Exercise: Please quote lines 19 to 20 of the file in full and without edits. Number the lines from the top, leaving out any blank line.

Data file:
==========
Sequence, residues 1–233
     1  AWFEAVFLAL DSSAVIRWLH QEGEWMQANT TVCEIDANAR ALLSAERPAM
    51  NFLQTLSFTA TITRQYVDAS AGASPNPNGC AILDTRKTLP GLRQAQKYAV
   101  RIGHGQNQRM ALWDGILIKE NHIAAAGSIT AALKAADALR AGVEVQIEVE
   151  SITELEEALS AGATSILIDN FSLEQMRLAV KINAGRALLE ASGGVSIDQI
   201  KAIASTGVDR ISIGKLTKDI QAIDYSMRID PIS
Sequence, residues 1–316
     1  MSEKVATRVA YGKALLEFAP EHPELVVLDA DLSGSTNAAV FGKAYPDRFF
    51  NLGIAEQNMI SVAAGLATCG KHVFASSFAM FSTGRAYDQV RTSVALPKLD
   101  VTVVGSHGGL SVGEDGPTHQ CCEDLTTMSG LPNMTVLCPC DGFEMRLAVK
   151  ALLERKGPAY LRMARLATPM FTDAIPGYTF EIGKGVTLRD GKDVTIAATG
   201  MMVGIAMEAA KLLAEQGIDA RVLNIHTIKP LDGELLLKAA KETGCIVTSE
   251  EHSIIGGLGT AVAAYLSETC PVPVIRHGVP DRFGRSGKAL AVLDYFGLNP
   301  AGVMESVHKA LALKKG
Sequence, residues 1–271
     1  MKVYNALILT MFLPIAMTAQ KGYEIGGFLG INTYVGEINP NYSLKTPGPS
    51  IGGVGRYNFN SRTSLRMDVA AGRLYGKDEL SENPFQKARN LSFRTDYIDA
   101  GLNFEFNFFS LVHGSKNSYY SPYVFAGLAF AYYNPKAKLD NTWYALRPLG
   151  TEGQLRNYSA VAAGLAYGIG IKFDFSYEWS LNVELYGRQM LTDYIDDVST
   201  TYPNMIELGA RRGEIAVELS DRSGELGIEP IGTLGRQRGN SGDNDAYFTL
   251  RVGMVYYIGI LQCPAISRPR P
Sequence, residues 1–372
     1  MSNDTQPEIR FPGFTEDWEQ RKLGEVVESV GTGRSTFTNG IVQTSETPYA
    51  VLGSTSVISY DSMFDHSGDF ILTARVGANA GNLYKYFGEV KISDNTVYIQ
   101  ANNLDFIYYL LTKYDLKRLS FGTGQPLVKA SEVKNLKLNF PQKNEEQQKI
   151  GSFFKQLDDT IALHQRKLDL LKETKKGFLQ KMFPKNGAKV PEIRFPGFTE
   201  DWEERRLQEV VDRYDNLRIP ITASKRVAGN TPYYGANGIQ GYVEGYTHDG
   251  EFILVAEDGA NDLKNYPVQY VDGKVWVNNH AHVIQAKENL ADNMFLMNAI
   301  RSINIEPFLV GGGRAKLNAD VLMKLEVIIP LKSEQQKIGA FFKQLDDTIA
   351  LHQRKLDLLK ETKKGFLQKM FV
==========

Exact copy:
   151  TEGQLRNYSA VAAGLAYGIG IKFDFSYEWS LNVELYGRQM LTDYIDDVST
   201  TYPNMIELGA RRGEIAVELS DRSGELGIEP IGTLGRQRGN SGDNDAYFTL